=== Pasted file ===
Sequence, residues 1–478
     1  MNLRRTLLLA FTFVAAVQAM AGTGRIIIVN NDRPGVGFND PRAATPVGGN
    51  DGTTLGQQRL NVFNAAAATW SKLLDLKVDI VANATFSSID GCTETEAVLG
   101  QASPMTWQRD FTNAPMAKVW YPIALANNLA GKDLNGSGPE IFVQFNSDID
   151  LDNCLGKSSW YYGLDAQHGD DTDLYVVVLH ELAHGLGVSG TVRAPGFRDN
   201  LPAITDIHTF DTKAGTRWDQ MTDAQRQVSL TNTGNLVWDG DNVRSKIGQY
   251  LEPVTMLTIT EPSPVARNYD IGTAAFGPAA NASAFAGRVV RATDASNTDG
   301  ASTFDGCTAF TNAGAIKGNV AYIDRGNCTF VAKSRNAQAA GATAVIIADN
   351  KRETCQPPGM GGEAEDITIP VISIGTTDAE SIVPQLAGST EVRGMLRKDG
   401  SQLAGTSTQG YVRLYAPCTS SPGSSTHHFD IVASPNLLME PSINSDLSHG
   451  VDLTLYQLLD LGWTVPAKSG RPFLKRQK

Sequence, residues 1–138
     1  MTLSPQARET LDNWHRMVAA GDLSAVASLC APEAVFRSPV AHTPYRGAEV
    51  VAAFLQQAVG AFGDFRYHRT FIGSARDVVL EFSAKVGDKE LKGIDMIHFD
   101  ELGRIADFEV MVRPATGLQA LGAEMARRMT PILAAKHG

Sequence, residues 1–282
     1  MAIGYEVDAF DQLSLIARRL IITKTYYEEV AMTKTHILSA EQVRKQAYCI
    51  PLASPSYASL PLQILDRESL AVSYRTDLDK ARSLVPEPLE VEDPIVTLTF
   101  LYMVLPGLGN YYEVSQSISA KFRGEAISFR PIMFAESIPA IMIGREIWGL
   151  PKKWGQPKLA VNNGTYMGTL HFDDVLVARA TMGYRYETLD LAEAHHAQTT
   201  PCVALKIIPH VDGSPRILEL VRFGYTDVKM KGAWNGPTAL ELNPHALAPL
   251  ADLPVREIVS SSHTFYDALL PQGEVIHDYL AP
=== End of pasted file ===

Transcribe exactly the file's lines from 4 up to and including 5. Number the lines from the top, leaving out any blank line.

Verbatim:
   101  QASPMTWQRD FTNAPMAKVW YPIALANNLA GKDLNGSGPE IFVQFNSDID
   151  LDNCLGKSSW YYGLDAQHGD DTDLYVVVLH ELAHGLGVSG TVRAPGFRDN